Java Chicken Egg Production
Java hens lay about 150 to 180 large eggs that are tinted (light brown) to dark brown.
They start laying later than many breeds, around six months old but will continue laying for many years longer than other heritage breeds.
Javas will consistently lay into their fifth and sixth years of life.
They will also continue laying eggs into the winter if you provide an additional light source and ample feed.
ALSO READ: Keep Hens Laying Eggs Through The Winter
Java Chicken Meat Production
Javas chickens grow slower than many other heritage breeds.
Still, the meat has a good flavor, and they’re great foragers.
This means they can source a good portion of their diet independently.
Javas are capable of hitting 7.5 to 9.5 pounds at full maturity as hens and roosters, respectively, expect weights of 5.5 to 8.5 pounds as young broilers.
Getting them to their potential total weights takes more time and feed than most breeders feel is worth it.
Java Chicken Common Health Problems
Java chickens have a strong immune system and have few health problems.
Their slower growth rate allows them to build a better immune system and sustain stress and unfavorable conditions well.
Most heritage breeds tend to be naturally healthier and hardier.
How to Keep Java Chickens Healthy
Maintain a Safe and Clean Coop and Run
Regularly clean the chicken coop to remove droppings, old bedding, and any leftover food.
A clean environment helps prevent the growth of harmful bacteria and parasites.
Use the deep litter method if that suits your lifestyle.
If not, strip, clean, and disinfect the coop at least once or twice a year.
Provide proper ventilation to reduce moisture and ammonia levels inside the coop.
Check for and repair any holes or gaps that may allow predators or pests to enter.
Be sure that the coop and run have adequate space for the number of chickens you have.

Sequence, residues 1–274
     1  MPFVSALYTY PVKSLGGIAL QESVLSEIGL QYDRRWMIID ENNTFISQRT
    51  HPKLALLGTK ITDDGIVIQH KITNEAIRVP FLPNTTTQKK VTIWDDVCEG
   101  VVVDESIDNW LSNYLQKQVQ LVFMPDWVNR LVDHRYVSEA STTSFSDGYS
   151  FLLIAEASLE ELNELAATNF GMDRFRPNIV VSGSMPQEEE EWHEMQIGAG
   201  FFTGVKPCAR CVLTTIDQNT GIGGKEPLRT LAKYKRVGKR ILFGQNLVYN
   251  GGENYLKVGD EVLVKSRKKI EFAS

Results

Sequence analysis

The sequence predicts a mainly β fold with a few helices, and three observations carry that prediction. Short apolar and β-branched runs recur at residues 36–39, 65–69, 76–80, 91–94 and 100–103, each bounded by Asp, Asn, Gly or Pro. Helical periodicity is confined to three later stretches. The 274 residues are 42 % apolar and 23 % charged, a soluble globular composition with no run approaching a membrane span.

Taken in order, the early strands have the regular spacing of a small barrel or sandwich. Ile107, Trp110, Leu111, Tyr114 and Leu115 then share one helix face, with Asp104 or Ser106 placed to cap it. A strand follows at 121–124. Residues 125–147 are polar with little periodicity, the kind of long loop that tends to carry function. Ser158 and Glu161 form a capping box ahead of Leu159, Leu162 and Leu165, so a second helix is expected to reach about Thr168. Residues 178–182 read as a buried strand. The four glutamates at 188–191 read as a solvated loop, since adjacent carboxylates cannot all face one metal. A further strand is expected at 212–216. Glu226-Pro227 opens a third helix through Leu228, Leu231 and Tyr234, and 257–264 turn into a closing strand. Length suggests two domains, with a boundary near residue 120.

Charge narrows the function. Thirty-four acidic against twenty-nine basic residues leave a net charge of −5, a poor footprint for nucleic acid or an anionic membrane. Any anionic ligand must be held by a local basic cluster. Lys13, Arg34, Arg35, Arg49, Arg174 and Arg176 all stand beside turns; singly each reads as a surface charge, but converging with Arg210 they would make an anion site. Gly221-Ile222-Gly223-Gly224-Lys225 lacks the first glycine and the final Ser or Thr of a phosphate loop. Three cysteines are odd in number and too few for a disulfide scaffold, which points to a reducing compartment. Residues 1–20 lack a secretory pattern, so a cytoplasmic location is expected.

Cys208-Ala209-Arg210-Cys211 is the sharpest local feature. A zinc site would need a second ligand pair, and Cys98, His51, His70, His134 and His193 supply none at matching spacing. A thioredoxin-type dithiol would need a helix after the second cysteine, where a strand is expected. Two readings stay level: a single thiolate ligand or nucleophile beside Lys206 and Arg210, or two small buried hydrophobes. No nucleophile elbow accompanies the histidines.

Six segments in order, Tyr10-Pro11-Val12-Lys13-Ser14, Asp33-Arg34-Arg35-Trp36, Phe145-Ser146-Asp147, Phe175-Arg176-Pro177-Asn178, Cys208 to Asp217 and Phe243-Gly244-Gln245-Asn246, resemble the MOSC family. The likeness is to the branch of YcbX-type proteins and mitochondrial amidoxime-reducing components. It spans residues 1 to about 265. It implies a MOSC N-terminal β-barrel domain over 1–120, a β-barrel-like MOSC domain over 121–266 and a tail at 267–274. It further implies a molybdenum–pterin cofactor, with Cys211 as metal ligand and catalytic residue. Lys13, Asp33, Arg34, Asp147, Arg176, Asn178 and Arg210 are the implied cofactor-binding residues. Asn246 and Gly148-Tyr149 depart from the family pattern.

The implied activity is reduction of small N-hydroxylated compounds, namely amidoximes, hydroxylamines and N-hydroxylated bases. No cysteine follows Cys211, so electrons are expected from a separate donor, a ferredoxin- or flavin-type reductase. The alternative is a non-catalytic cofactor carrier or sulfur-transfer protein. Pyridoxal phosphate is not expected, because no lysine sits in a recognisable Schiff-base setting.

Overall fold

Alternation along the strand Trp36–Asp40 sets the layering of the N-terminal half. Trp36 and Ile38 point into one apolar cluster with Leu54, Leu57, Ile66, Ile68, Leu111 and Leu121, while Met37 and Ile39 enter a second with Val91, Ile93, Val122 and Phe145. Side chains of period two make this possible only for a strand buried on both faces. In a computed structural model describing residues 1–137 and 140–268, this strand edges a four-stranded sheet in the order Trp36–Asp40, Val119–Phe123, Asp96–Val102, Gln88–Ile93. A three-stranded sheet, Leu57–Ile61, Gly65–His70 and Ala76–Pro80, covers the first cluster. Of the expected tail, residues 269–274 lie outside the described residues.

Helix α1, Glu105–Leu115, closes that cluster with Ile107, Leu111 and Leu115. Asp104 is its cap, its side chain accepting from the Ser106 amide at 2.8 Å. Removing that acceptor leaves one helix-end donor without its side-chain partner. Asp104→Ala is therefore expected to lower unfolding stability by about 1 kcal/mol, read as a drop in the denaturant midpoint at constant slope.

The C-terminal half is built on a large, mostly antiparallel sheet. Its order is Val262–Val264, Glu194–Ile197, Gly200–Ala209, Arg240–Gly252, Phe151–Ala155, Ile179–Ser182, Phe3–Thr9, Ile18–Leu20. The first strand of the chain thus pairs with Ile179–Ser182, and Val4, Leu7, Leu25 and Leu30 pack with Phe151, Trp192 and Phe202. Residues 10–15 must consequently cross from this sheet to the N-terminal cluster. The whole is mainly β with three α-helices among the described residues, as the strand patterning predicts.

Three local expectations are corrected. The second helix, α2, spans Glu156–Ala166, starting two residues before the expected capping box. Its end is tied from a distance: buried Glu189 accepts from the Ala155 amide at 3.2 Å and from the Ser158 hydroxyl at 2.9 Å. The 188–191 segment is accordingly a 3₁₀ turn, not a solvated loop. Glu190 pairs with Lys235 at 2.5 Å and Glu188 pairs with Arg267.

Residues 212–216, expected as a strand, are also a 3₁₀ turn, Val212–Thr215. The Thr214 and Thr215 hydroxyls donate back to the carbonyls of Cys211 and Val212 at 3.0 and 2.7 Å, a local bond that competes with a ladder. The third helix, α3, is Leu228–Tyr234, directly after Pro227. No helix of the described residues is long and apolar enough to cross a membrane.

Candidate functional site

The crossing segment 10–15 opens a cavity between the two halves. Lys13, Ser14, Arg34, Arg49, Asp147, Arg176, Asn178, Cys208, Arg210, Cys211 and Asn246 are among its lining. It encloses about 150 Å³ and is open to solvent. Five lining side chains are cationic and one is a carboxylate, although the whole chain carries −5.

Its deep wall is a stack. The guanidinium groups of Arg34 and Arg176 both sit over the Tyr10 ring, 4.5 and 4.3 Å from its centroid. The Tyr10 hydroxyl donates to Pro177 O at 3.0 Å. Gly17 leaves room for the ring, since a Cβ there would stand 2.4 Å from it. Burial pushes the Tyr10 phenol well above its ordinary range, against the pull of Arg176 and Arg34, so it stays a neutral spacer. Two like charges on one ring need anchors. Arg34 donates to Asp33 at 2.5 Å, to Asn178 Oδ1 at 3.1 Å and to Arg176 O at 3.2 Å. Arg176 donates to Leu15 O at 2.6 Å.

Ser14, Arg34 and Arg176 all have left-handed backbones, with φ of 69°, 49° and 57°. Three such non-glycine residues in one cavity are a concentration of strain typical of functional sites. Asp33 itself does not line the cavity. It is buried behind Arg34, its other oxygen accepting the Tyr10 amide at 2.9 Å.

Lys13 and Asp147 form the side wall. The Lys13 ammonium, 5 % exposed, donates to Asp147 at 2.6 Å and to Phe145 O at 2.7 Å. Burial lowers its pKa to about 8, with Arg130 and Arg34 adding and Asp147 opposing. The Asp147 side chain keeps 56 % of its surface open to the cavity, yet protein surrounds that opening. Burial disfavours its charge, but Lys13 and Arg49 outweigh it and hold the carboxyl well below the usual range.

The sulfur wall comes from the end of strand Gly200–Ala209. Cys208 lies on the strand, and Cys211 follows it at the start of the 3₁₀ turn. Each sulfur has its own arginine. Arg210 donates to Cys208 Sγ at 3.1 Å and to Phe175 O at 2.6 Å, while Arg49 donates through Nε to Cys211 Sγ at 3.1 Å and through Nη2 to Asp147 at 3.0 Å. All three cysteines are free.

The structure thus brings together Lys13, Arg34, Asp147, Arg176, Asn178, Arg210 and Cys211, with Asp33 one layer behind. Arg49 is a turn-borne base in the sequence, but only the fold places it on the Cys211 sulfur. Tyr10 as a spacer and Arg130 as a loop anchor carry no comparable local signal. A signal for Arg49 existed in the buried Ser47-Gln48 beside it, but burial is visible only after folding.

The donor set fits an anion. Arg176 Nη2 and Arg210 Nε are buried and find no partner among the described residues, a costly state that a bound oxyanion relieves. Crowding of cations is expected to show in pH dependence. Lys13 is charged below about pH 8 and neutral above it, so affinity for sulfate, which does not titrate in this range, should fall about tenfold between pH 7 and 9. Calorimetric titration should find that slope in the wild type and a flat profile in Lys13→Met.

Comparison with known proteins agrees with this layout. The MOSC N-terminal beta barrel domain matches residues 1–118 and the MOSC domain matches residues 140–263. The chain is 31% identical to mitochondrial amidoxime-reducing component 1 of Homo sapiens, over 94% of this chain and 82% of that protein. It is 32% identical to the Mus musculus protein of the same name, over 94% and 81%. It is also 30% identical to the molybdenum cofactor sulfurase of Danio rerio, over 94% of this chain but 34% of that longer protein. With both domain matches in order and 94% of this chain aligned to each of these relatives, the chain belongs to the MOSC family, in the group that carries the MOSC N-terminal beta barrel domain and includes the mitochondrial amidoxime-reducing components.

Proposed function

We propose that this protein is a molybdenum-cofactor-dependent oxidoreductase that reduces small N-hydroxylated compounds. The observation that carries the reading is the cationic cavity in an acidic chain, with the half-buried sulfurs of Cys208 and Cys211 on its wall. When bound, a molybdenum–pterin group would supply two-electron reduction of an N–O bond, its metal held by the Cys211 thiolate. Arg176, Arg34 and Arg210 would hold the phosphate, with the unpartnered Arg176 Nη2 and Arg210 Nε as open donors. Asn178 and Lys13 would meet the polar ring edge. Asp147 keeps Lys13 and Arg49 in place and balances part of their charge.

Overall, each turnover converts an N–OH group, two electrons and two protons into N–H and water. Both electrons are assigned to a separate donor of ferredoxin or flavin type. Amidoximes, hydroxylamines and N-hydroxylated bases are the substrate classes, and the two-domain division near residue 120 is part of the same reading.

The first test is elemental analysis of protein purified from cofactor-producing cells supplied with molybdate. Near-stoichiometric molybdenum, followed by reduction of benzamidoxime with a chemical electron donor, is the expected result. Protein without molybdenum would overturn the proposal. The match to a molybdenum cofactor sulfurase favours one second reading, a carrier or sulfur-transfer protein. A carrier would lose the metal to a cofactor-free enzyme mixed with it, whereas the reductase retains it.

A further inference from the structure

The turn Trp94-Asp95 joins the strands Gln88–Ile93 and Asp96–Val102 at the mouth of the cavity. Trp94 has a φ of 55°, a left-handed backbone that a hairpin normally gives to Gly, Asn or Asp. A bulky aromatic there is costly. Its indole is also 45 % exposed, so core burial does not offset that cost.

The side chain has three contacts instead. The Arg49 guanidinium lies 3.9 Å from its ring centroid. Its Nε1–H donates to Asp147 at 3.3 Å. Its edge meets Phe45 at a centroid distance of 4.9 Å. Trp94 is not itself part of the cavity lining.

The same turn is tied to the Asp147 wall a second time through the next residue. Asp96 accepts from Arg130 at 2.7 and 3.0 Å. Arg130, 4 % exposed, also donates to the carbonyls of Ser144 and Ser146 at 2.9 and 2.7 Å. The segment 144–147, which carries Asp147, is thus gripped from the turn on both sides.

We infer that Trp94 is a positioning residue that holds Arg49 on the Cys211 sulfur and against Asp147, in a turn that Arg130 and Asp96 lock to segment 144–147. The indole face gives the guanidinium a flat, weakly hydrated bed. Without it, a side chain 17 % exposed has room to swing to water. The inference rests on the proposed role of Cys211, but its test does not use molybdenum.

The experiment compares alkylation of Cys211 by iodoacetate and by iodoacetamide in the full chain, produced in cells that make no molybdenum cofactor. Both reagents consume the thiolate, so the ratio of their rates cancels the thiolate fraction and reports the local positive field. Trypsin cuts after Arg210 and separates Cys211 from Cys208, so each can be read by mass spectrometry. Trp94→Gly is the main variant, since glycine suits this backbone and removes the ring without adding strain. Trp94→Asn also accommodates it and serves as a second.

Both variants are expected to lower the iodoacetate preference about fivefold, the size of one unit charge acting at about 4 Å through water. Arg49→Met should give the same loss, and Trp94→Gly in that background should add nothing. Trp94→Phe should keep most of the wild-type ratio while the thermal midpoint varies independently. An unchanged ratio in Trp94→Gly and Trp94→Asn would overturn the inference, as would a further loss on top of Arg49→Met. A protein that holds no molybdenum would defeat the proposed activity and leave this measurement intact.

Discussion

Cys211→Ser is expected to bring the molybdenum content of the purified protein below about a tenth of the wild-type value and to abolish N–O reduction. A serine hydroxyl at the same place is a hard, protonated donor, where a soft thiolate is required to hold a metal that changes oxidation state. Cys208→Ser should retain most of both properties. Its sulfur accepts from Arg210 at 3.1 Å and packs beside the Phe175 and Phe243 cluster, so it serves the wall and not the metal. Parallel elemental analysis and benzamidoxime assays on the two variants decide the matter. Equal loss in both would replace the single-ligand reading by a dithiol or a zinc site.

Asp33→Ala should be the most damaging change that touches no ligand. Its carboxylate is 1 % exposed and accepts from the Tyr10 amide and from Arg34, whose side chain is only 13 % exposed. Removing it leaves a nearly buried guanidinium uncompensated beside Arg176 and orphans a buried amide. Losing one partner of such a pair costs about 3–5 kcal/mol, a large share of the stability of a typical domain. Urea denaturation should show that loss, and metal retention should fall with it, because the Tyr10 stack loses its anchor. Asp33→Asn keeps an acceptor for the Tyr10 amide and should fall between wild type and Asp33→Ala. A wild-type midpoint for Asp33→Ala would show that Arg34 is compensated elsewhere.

That’s at least four square feet of coop space per chicken.
Javas, like most heritage breeds, like to have the freedom to hunt for their food for at least a few hours a day.
Let them have time in your yard, or offer a larger run to encourage them to move around.
Feed a Well-Rounded, Complete Diet
Offer a balanced and nutritionally complete feed formulated for the specific needs of chickens.
You can choose between pellet or crumble forms from commercial feeds or make your feed at home.
Provide fresh and clean water at all times.
Chickens can be susceptible to dehydration; water is crucial for digestion and overall health.
They need about 75% water, and their food sources generally only provide 5-15% of their water needs daily.
Chickens should always have access to clean and fresh water 24/7, especially during extreme temperature swings.
Calcium is important for eggshell production. They should always have access to oyster shells or crushed lime.
Give Them Space on Pasture or To Free Range
Like most heritage breeds, Javas value self-sufficiency and their ability to forage.
They would appreciate plenty of time to be in the forest or on pasture to hunt for their own grains, insects, and grasses.
While they can be happy in stationary coops and runs, they may appreciate chicken tractors and rotational grazing more than many other breeds.
FAQ About Java Chickens
What Color Are Java Chicken Eggs?
Java hens lay tinted to dark brown eggs that are large.
Expect each hen to lay around 150 to 180 eggs per year from the time they are six to eight months old until they are six to eight years old.
Are Java Chickens Heat Tolerant?
Java chickens tolerate the heat well and easily handle most temperature fluctuations.
They are well suited for warmer climates and will forage even during the hottest days of summer.
At What Age Do Java Chickens Lay Eggs?
Java chickens start laying eggs slightly later than other breeds.
Most Java hens will produce their first eggs around six to eight months old.
Are Java Chickens Friendly?
Java Chickens are very friendly, docile, and sweet.
You can trust them around your small children, pets, and visitors.
They are not flighty and easy to tame and befriend, especially if you raise the chicks from hatching eggs.
Are Java Chickens Rare?
Java Chickens are rare. The most popular incubators in the US do not carry them.
As of February 2024, they are not offered by Murray McMurray, Cackle Hatchery, California Hatchery, Hoover’s Hatchery, Meyer Hatchery, or Purely Poultry.
Privett Hatchery does have Java chicks available.
Java Chicken Breed Profile Summary
Java chickens are a fantastic old heritage breed that built and developed several key popular breeds in the US, but their numbers are not doing well.
I fully believe they deserve more popularity, especially due to their plumage, sweet personalities, and self-sufficient tendencies.
With that said, I understand why many people do not want to invest in slow growers who “only” lay about 150 to 180 eggs a year, especially when there are hens capable of producing 300+ eggs per year, which are more common now.
I’m excited to see how their population changes over the next few years.
Their dedicated breeders are making remarkable progress, and I believe (hope?) the breed will survive.